For travellers with disabilities, my advice is don’t dwell on what you can’t do.

- Ed Rex writer and editor at Rexy Edevntures & the Deaf Traveller 

Travelling with a disability can be very challenging. Concordia believes that everyone should have the freedom to travel anywhere and everywhere. However, this can only be achieved if travellers, organisations and other companies work together to ensure that proper preparations are made. We have put together this guide to try and make your travelling and volunteering experience as easy and enjoyable as possible. 

  1. Be clear

There are as many disabilities as there are disabled folks. Give as many details as you can about what you can and can’t do. Don’t downplay the severity of the disability. The more information a service provider has, the better they will be able to accommodate you. If they promise you certain accommodations, try to get these promises in writing.

  1. Call ahead

Even if you have already requested assistance, it is always a good idea to call 1 or 2 days before you arrive to the airport, train station etc to ensure that proper accommodations have been made for you.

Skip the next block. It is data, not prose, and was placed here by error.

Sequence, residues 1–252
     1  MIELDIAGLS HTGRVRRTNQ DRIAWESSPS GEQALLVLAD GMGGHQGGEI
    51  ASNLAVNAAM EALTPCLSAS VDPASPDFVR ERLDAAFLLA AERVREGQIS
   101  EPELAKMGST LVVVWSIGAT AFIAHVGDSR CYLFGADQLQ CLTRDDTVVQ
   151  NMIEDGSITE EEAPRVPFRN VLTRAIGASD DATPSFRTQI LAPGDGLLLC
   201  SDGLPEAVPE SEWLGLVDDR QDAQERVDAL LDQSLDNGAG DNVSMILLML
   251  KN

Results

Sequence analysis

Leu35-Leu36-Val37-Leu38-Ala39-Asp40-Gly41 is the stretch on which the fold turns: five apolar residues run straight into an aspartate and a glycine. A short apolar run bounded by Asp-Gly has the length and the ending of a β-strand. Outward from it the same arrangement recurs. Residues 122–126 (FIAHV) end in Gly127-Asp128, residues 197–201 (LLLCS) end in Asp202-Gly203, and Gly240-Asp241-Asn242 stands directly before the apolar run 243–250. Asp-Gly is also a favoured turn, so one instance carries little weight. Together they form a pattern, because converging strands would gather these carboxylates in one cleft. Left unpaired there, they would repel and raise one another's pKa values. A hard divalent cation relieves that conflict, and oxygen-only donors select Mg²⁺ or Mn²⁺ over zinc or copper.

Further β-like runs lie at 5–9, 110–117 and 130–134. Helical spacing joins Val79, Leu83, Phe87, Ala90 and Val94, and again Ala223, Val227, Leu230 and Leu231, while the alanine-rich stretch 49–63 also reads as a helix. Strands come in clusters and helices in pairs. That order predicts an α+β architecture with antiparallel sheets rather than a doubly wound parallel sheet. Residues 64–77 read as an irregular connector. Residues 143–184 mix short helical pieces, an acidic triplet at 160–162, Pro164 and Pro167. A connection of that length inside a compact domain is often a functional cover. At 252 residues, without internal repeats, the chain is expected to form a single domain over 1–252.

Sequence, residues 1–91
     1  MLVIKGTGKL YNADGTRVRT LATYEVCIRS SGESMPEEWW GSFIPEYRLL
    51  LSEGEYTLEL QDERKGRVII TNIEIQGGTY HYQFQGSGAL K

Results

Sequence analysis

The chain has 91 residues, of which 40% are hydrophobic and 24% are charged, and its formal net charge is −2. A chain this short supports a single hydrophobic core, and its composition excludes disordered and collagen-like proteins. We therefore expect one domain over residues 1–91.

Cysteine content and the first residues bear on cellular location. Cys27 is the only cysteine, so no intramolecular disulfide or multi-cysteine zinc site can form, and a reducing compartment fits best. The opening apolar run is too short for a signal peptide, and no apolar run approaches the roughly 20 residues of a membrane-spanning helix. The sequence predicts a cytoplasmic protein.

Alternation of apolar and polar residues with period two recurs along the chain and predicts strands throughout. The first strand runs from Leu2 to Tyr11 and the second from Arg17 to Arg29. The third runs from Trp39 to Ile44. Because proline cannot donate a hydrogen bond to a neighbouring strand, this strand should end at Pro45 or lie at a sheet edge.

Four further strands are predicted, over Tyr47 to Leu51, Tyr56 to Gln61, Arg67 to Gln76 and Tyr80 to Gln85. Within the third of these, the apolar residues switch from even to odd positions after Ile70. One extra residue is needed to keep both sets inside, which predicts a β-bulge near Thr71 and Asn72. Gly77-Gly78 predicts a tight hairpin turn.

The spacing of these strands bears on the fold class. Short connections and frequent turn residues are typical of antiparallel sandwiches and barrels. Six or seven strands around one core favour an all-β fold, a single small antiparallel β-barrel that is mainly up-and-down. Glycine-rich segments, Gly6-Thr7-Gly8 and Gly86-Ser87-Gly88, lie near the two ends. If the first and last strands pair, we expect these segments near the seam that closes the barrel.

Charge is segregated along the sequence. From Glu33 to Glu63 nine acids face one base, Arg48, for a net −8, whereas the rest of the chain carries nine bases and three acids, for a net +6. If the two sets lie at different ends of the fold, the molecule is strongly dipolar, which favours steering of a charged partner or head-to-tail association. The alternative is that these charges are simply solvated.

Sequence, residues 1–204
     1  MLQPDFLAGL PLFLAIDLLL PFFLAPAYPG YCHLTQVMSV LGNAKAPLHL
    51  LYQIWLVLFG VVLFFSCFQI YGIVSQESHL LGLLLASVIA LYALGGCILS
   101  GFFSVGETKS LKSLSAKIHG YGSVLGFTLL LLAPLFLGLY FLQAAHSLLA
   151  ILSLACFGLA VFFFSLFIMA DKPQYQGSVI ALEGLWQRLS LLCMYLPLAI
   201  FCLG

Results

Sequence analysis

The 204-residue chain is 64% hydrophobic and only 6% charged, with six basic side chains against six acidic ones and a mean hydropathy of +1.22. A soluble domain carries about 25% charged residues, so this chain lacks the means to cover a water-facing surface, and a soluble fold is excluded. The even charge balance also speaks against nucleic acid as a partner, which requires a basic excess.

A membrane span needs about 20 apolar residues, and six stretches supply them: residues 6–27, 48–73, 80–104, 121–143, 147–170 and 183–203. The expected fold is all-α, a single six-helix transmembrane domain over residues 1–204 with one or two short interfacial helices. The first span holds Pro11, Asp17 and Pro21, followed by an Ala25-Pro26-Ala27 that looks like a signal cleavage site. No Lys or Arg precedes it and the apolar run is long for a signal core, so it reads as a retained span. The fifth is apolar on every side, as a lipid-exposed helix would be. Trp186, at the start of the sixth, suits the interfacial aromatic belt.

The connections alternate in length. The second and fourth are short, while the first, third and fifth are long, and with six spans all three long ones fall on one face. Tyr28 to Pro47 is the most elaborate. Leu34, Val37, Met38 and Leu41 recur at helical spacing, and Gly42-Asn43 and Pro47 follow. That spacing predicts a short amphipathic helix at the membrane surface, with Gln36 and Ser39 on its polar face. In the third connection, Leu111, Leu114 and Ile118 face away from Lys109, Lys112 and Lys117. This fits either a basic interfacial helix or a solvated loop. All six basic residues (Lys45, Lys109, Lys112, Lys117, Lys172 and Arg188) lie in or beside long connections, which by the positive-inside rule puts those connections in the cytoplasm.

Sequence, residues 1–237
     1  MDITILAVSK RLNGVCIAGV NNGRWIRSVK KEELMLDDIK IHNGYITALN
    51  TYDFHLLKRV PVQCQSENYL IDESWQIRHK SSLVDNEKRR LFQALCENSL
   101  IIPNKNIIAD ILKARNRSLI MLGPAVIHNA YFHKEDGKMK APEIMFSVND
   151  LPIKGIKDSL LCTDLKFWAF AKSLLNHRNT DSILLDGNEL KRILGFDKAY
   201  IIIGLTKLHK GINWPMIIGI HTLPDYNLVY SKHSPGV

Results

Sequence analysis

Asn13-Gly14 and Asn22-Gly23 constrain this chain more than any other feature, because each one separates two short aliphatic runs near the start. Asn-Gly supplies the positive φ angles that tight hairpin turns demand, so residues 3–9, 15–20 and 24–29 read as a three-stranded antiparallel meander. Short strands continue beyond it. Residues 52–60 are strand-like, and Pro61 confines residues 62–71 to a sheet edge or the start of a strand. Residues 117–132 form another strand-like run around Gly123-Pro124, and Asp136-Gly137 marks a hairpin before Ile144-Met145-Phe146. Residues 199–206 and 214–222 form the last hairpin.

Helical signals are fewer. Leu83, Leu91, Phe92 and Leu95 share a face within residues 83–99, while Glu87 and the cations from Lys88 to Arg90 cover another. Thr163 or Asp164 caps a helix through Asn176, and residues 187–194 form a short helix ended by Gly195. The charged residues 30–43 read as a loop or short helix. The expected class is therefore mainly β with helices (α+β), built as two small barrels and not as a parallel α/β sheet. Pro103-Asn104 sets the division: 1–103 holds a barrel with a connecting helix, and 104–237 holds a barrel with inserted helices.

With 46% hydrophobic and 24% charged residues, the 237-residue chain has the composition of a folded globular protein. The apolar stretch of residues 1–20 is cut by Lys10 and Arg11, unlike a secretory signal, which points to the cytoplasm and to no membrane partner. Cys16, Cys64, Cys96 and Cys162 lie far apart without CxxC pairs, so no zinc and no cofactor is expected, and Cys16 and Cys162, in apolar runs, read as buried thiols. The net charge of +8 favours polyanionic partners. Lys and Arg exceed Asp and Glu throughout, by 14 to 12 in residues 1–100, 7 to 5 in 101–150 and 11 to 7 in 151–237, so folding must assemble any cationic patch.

1. Prepare

If you are on prescribed medication, make sure you bring extra. Carry medical information that is easy for someone else to access during an emergency. Get comprehensive travel insurance.

  1. Get advice

It may be worth seeing a doctor or health professional prior to travel. They will have expert advice and experience on how to make your trip run as smoothly as possible.

  1. Know your rights

Research the place you want to travel to and see what provisions that have for people with additional needs. The Home Office has detailed information and advice on travelling with a disability. In the UK, companies and organisations must adhere to the law and provide disabled folks with adequate care and assistance.

Here are some other good resources

Travelling with a visual impairment - RNIB (Royal National Institute of Blind)

Tips and destination recommendations for travellers looking for less strenuous walking and fewer stairs - 'Travel on the Level'

Advice for those with learning disabilities - Mencap